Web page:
Mina Ha, Woo-Chul Jeong, Myungho Lim, Hojang Kwon, Yeyong Choi, Seung-Jin Yoo, Su Ryun Noh, Hae-Kwan Cheong
    Environmental Health and Toxicology.2013; 28: e2013010.     CrossRef
  • The Relationship between Smoking, Alcohol Drinking, and Parenting Behavior Perceived by Adolescents
    Yun Ho Roh, Eun Joo Kim
    Korean Journal of Health Education and Promotion.2013; 30(2): 71.     CrossRef
  • Socioeconomic Indicators Associated with Initiation and Cessation of Smoking among Women in Seoul
    Yu-Na Kim, Young-Gyu Cho, Cheol-Hwan Kim, Jae-Heon Kang, Hyun-Ah Park, Kyoung-Woo Kim, Yang-Im Hur, Su-Hyun Lee, Yun-Min Na, No-Yai Park
    Korean Journal of Family Medicine.2012; 33(1): 1.     CrossRef
  • Association between Household Income and Asthma Symptoms among Elementary School Children in Seoul
    Won-Jun Choi, In-Yong Um, Soyoung Hong, Hye Yung Yum, Hyunjung Kim, Hojang Kwon
    Environmental Health and Toxicology.2012; 27: e2012020.     CrossRef
  • Socio-economic disparities in behavioural risk factors for cancer and use of cancer screening services in Korean adults aged 30 years and older: The Third Korean National Health and Nutrition Examination Survey, 2005 (KNHANES III)
    K. Lee, H.T. Lim, S.-S. Hwang, D.W. Chae, S.M. Park
    Public Health.2010; 124(12): 698.     CrossRef
  • Socioeconomic Inequity in Self-Rated Health Status and Contribution of Health Behavioral Factors in Korea
    Minkyung Kim, Woojin Chung, Seungji Lim, Soojin Yoon, Jakyoung Lee, Eunkyung Kim, Lanju Ko
    Journal of Preventive Medicine and Public Health.2010; 43(1): 50.     CrossRef
  • Associations of Income and Wealth with Health Status in the Korean Elderly
    Bo-Hyun Park, Minsoo Jung, Tae-Jin Lee
    Journal of Preventive Medicine and Public Health.2009; 42(5): 275.     CrossRef
The Levels of Psychosocial Stress, Job Stress and Related Factors of Medical Doctors Practicing at Local Clinics.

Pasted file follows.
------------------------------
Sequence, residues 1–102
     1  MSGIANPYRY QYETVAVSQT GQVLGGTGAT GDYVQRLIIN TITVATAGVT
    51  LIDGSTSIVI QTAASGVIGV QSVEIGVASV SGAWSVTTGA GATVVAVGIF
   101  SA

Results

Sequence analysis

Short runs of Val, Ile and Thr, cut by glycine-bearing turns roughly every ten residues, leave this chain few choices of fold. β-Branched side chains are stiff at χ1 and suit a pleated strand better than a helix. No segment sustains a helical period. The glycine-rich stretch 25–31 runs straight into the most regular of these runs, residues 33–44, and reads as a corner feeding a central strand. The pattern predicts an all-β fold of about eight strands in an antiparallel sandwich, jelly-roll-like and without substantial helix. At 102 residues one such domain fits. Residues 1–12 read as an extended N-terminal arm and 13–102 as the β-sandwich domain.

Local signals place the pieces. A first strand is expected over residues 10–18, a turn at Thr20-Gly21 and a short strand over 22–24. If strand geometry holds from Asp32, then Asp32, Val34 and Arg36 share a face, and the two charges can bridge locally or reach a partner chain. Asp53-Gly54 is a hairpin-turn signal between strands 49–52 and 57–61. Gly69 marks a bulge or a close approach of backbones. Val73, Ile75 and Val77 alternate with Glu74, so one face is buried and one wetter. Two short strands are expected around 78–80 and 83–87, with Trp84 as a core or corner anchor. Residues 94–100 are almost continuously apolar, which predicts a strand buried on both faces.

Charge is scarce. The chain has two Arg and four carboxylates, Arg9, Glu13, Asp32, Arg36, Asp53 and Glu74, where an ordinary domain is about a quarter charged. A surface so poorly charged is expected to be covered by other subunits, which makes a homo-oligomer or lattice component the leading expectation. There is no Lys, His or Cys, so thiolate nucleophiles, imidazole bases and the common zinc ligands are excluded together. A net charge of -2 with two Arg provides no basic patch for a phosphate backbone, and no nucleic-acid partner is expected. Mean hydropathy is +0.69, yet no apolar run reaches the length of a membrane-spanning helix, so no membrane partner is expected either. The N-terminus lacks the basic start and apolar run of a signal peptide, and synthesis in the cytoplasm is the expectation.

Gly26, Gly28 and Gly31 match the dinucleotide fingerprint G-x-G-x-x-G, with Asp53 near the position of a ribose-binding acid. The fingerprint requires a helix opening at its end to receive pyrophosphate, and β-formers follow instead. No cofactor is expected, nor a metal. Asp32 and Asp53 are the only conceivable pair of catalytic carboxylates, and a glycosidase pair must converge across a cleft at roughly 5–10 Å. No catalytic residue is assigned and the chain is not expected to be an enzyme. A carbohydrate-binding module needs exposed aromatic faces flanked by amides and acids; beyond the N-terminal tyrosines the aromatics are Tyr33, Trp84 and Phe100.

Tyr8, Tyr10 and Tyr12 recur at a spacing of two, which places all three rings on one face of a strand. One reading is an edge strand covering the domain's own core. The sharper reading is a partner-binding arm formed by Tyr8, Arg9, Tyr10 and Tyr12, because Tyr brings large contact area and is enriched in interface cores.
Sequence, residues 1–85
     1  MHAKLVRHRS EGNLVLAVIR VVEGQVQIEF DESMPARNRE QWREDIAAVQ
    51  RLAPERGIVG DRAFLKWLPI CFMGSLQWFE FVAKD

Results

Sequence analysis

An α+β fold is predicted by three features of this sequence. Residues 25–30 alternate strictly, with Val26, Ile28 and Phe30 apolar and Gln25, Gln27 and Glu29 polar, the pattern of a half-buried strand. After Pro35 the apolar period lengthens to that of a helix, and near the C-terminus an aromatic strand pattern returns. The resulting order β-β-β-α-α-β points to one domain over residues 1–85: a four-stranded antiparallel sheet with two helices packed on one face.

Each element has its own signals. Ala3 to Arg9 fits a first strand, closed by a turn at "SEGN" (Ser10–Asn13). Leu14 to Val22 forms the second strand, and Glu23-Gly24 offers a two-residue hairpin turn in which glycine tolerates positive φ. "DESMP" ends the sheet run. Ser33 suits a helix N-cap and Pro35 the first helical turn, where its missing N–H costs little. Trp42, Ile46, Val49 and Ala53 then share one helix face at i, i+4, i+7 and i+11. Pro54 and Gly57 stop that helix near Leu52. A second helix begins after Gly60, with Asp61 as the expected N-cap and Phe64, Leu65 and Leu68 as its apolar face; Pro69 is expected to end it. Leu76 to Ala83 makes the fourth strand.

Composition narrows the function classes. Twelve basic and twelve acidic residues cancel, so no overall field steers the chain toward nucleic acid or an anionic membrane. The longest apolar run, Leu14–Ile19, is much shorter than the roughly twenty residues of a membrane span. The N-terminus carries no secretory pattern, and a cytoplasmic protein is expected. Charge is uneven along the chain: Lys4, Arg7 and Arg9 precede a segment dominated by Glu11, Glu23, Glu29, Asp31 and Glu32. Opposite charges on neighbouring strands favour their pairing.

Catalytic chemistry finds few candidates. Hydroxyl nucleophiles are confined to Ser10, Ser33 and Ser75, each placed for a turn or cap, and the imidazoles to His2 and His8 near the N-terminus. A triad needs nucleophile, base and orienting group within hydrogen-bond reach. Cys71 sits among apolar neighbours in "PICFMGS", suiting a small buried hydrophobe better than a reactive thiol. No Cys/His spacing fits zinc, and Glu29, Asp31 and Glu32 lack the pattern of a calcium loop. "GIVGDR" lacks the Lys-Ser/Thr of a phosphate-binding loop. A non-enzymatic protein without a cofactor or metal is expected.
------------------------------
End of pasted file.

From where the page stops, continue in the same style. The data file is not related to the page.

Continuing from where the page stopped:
Moon Kuk Kang, Yune Sik Kang, Jang Rak Kim, Baek Geun Jeong, Ki Soo Park, Sin Kam, Dae Yong Hong
J Prev Med Public Health. 2007;40(2):177-184.
DOI: https://doi.org/10.3961/jpmph.2007.40.2.177
  • 5,251 View
  • 60 Download
  • 10 Crossref
AbstractAbstract PDF
OBJECTIVES
This study was conducted to investigate the levels of psychosocial stress, job stress and their related factors among medical doctors practicing at local clinics. METHODS: A survey using a self administered questionnaire was administered to 1,456 doctors practicing at private clinics via post for 2 months (2006. 1 - 2006. 3). Psychosocial stress, job stress,demographic factors, job related factors and health related behaviors were investigated. Among the eligible study population, the respondents were 428 doctors (29.4%). RESULTS: The average scores of psychosocial stress and job stress were 2.19 and 3.13, respectively. The levels of psychosocial stress and job stress were statistically lower in older respondents, those who worked shorter or who were more satisfied with their job, and those with higher socioeconomic status. The level of psychosocial stress was related with smoking status, drinking status and exercise. The level of job stress was related with smoking status and exercise. In multiple linear regression analysis using psychosocial stress as a dependent variable, age, working hours per day, job satisfaction and perception on socioeconomic status were significant independent variables. In analysis using job stress as a dependent variable, age, working hours per day and job satisfaction were significant independent variables. CONCLUSIONS: Stress affects the doctor-patient relationship, productivity and overall health level of people. Therefore, it is important to manage and relieve the stress of doctors. It is suggested that more advanced studies on stress level and related factors and ways to improve the stress and health related behaviors of medical doctors should be conducted.
Summary

Citations

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  • A Preliminary Study About Occupational Stress and Career Satisfaction of Korean Psychiatrists
    Dae yong Sim, Jong Hyuk Choi, Yeong Gi Kyeon
    Journal of Korean Neuropsychiatric Association.2022; 61(1): 28.     CrossRef